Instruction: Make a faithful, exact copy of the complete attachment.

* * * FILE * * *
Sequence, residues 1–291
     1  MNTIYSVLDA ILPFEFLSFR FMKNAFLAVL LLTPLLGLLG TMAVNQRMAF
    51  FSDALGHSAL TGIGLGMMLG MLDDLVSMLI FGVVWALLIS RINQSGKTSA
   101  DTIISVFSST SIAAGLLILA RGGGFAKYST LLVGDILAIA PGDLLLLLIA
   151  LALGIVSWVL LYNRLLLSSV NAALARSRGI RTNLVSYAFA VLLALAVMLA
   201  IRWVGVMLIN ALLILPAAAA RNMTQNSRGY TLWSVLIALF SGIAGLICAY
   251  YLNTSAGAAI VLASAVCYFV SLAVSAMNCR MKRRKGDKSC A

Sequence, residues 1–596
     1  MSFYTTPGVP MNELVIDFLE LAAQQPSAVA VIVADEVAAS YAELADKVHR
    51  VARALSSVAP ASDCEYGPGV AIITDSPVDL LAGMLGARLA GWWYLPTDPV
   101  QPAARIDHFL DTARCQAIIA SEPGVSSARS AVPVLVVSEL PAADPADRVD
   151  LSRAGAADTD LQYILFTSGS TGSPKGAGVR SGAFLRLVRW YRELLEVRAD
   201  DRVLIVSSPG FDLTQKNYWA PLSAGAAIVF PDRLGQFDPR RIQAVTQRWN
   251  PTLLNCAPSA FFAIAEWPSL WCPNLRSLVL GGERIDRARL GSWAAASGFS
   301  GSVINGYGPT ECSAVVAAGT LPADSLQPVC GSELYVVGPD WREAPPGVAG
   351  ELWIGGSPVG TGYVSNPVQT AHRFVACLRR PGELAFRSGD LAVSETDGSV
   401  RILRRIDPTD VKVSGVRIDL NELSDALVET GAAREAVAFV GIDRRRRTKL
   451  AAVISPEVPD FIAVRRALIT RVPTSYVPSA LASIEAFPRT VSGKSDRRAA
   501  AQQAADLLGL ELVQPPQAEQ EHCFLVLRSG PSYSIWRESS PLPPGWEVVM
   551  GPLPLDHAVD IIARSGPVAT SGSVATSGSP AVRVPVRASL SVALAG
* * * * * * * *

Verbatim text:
Sequence, residues 1–291
     1  MNTIYSVLDA ILPFEFLSFR FMKNAFLAVL LLTPLLGLLG TMAVNQRMAF
    51  FSDALGHSAL TGIGLGMMLG MLDDLVSMLI FGVVWALLIS RINQSGKTSA
   101  DTIISVFSST SIAAGLLILA RGGGFAKYST LLVGDILAIA PGDLLLLLIA
   151  LALGIVSWVL LYNRLLLSSV NAALARSRGI RTNLVSYAFA VLLALAVMLA
   201  IRWVGVMLIN ALLILPAAAA RNMTQNSRGY TLWSVLIALF SGIAGLICAY
   251  YLNTSAGAAI VLASAVCYFV SLAVSAMNCR MKRRKGDKSC A

Sequence, residues 1–596
     1  MSFYTTPGVP MNELVIDFLE LAAQQPSAVA VIVADEVAAS YAELADKVHR
    51  VARALSSVAP ASDCEYGPGV AIITDSPVDL LAGMLGARLA GWWYLPTDPV
   101  QPAARIDHFL DTARCQAIIA SEPGVSSARS AVPVLVVSEL PAADPADRVD
   151  LSRAGAADTD LQYILFTSGS TGSPKGAGVR SGAFLRLVRW YRELLEVRAD
   201  DRVLIVSSPG FDLTQKNYWA PLSAGAAIVF PDRLGQFDPR RIQAVTQRWN
   251  PTLLNCAPSA FFAIAEWPSL WCPNLRSLVL GGERIDRARL GSWAAASGFS
   301  GSVINGYGPT ECSAVVAAGT LPADSLQPVC GSELYVVGPD WREAPPGVAG
   351  ELWIGGSPVG TGYVSNPVQT AHRFVACLRR PGELAFRSGD LAVSETDGSV
   401  RILRRIDPTD VKVSGVRIDL NELSDALVET GAAREAVAFV GIDRRRRTKL
   451  AAVISPEVPD FIAVRRALIT RVPTSYVPSA LASIEAFPRT VSGKSDRRAA
   501  AQQAADLLGL ELVQPPQAEQ EHCFLVLRSG PSYSIWRESS PLPPGWEVVM
   551  GPLPLDHAVD IIARSGPVAT SGSVATSGSP AVRVPVRASL SVALAG